Beesource Beekeeping Forums banner

1 - 9 of 9 Posts

·
Registered
Joined
·
8 Posts
Discussion Starter · #1 ·
Hi All,

I am excited to get 6 bee boxes with colonies tomorrow night (Apis Cerana). The seller recommended not opening the boxes for a day or two since they have traveled from over 6 hours away and I give sugar water syrup 1:1. He also said placing them minimum 6 feet apart to prevent hive drifting and robbing. Friends can you give me other recommendations which will help me settle the bees in their new environment quickly.

thank you in advance,

CC
 

·
Registered
Joined
·
11,651 Posts
Hi Coffee Cup

Almost none of us here work with A. Cerana, we work with A Mellifera, so may not be able to give good advice.

But the advice with A Mellifera would be do not block them in for a long time especially if they are in the sun, because the hives will get very hot and the bees could die. The bees should be allowed to settle for 2 or 3 days before feeding sugar because if sugar is fed while they are still confused they may get robbed. Putting at least 6 feet apart is a very good idea, it gives the beekeeper room to comfortably work the hives also.

It would be very interesting for us if you can, to show some photos of the hives. But don't worry if you cannot.

Do these A Cerana bees have problems with varroa mites?
 

·
Registered
Joined
·
2,400 Posts
I'd certainly keep those boxes in the shade, or even indoors if you have somewhere cool, until they're ready for open hiving.

The only person I know of who keeps Cerana is Khmer Beekeeping, who is based in Cambodia and who has uploaded lots of beekeeping videos to YouTube.
A web search will take you to his YouTube page where there are playlists etc. If you click on 'about', you'll be taken to a page which lists his twitter and email addresses - and even his phone number, but I'm certainly not suggesting you phone him from India !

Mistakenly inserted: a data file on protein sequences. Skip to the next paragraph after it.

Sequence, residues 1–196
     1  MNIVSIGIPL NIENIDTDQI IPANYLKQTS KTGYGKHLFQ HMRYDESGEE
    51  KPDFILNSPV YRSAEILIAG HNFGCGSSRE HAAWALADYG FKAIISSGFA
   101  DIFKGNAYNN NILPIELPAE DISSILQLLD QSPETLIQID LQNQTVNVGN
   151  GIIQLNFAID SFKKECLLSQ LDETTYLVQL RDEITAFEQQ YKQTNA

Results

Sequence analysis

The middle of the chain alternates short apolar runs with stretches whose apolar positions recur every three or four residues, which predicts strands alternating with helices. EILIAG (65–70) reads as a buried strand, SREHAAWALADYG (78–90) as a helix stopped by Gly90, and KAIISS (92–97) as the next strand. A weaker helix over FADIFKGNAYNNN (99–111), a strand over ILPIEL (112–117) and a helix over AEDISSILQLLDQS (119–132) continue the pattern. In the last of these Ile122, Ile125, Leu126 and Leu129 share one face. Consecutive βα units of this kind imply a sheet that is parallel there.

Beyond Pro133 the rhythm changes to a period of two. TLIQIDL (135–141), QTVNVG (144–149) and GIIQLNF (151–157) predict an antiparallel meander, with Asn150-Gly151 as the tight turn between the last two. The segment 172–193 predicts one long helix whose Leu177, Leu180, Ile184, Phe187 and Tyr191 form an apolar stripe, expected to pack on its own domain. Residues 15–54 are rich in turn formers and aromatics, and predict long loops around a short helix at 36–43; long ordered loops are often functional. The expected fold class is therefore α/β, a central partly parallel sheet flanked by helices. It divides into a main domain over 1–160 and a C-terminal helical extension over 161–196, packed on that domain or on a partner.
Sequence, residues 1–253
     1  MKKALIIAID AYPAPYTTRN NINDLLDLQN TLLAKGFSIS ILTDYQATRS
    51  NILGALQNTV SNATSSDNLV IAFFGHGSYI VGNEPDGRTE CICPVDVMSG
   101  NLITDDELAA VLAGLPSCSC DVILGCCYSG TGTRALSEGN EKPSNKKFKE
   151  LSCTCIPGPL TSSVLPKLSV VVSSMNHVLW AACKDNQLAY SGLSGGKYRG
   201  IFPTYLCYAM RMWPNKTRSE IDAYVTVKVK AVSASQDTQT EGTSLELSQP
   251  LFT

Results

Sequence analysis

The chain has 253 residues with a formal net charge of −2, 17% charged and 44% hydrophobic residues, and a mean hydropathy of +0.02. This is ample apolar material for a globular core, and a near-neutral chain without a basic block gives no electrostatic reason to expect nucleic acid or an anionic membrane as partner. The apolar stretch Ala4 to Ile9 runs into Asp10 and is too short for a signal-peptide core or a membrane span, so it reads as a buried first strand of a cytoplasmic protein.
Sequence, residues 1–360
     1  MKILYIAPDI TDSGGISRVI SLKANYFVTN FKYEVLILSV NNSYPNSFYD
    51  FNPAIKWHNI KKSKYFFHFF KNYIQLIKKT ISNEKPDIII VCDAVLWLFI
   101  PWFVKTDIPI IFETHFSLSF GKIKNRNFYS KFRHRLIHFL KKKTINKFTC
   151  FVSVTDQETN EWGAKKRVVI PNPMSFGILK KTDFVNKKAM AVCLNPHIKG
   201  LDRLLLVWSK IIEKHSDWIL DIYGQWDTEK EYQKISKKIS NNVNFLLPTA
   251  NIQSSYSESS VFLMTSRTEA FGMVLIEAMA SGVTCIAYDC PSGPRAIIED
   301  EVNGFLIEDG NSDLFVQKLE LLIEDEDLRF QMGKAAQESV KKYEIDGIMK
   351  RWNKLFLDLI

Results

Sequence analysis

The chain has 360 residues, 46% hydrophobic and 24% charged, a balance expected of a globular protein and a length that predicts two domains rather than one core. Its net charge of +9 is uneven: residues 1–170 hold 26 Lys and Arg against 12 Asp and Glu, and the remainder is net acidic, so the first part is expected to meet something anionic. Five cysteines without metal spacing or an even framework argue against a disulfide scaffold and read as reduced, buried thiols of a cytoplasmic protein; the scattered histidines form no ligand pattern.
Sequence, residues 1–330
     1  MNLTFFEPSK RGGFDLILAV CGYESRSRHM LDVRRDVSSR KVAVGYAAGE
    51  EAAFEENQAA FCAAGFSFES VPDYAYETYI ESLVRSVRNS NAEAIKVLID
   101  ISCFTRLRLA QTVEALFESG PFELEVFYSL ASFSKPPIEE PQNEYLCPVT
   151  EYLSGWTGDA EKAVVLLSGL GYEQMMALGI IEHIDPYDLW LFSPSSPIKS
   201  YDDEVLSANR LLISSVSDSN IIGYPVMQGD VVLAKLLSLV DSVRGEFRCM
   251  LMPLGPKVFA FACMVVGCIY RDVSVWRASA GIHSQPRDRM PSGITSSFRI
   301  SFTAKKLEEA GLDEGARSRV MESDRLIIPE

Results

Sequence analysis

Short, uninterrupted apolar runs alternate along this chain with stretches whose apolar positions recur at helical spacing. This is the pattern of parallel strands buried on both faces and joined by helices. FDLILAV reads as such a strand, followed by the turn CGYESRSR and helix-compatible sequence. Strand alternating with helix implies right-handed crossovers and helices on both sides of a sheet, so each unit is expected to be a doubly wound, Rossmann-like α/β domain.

Good luck - sorry can't help more.
LJ
 

·
Registered
Joined
·
1,234 Posts
I am hoping that you will keep us updated and some photos. I have some interest in Apis cerana, and may get the chance to work with them in the future if I move back to Japan.
 

·
Registered
Joined
·
8 Posts
Discussion Starter · #5 ·
I am hoping that you will keep us updated and some photos. I have some interest in Apis cerana, and may get the chance to work with them in the future if I move back to Japan.
Attaching some pictures from this morning
 

Attachments

·
Registered
Joined
·
11,651 Posts
Do you add more boxes on top, or do the hives always stay that size?
 

·
Registered
Joined
·
8 Posts
Discussion Starter · #7 ·
Do you add more boxes on top, or do the hives always stay that size?
No we do not add more boxes. I was advised by the seller to inspect the hives every week and once all the frames were expanded then add the super chamber on top. I will update on the progress in this journey.
 

·
Registered
Joined
·
8,178 Posts
Personally I would consider adding the super chamber when the outside frames are occupied by the bees and not fully expanded. Our apis Mellifera will swarm if they get crowded and I assume Cerana will do the same.

It is your summer and our winter when we do not get to work with our bees. Any pictures especially of the interior of your colony would be deeply appreciated by us here in the cold. Thank you for sharing.
 

·
Registered
Joined
·
450 Posts
Do these A Cerana bees have problems with varroa mites?
From what I understand, Apis Cerana are the very Asian honeybees that we got the Varroa Destructor mites from. But, the Asian bees have developed the ability to deal with the mites and are not threatened by them.

"A behavioral and physiological resistance mechanism of the Asian honey bee (Apis cerana) to an ectoparasitic mite, Varroa jacobsoni, which causes severe damage to the European honey bee (Apis mellifera) in the beekeeping industry worldwide, is reported here for the first time. Parasitism by the mite induced Asian worker bees to perform a series of cleaning behaviors that effectively removed the mites from the bodies of the adult host bees.

The mites were subsequently killed and removed from the bee hives in a few seconds to a few minutes. The grooming behavior consists of self-cleaning, grooming dance, nestmate cleaning, and group cleaning.
Worker bees can also rapidly and effectively remove the mites from the brood. The European bee showed cleaning behavior at low frequency and generally failed to remove the mites from both the adult bees and the brood."


The above is from:
https://www.sciencedirect.com/science/article/abs/pii/002220118790125X
 
1 - 9 of 9 Posts
Top